Novel Structure for Controllable Acoustic Wave Propagation

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Acoustics is a branch of physics related to the properties of sound; it dates back to the 6th century BC. Since this time, there has been interest in sound waves and how to control and manipulate them. The study of acoustics have advanced to a deep understanding of acoustic waves and how different materials can affect them. New methods of noise and vibration control within materials is the next step towards a more proper utilization of sound waves.

Researchers at Purdue University have developed a material capable of controlling and isolating acoustic waves. Using lattices with controllable inversion symmetry, allows for tunable acoustic edge states. This simply means that the materials can be modified to control the sound waves in several different ways, making it very versatile. This technology has numerous applications including vibration and noise control of lightweight thin-walled aerospace/marine/civil structures, energy harvesting devices, control of surface acoustic wave for acoustic device design, such as biomedical, telecommunications, etc., on-chip microfluidic devices, and high transmission acoustic channels.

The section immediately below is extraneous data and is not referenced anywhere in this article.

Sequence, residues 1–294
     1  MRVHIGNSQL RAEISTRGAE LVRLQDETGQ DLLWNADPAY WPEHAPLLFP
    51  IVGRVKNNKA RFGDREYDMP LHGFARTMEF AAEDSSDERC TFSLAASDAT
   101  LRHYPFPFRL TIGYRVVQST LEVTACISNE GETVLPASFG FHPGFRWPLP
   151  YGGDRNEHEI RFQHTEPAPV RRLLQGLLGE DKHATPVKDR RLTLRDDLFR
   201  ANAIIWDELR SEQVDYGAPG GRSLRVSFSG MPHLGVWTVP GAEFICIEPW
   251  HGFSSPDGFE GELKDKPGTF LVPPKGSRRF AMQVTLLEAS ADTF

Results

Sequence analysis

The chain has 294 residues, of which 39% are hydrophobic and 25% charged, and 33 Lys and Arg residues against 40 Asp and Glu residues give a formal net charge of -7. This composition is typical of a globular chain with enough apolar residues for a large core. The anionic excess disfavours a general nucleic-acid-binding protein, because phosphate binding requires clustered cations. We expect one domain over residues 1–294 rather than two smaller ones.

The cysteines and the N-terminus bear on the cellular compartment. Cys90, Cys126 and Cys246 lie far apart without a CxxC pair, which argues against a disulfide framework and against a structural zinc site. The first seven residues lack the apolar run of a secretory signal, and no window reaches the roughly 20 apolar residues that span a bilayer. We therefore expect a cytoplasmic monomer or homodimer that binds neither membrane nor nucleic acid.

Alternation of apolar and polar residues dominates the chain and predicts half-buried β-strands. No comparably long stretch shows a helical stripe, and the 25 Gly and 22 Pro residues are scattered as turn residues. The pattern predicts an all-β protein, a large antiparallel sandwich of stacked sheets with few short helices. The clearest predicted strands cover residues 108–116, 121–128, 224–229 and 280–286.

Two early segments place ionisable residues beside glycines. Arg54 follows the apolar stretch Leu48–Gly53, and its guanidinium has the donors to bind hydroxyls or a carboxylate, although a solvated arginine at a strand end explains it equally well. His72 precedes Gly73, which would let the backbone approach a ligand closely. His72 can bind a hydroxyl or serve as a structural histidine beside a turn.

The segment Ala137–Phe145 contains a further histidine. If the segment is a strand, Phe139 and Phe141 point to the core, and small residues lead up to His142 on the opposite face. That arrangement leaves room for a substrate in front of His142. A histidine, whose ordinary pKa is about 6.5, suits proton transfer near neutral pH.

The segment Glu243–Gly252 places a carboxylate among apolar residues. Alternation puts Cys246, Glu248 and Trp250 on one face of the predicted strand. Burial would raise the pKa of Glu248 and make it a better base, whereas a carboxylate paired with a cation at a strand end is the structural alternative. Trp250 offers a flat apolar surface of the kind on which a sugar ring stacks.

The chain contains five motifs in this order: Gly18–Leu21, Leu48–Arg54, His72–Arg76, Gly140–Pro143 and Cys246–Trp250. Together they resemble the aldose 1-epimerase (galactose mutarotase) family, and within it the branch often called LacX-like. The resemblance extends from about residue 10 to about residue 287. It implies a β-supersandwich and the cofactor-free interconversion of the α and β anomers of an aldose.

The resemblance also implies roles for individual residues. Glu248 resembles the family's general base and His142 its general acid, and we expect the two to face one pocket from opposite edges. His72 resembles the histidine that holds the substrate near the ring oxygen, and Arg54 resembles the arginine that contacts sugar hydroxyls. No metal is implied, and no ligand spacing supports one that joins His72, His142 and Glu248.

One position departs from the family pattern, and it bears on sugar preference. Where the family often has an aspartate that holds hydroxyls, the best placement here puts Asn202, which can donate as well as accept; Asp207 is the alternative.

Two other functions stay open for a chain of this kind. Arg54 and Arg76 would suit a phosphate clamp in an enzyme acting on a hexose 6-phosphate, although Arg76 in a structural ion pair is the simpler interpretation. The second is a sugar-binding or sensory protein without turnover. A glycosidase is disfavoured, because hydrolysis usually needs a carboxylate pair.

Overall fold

-Controllable acoustic pathways
-Scalable for different frequency ranges
-Can use any solid material that supports elastic wave propagation
-Ability to isolate and harvest energy of waves

Potential Applications:
-Vibration and noise control
-Biomedical devices
-Microfluidic devices
-Energy harvesting devices
Jul 26, 2018
Utility Patent
United States

Jul 26, 2017
United States
Purdue Office of Technology Commercialization
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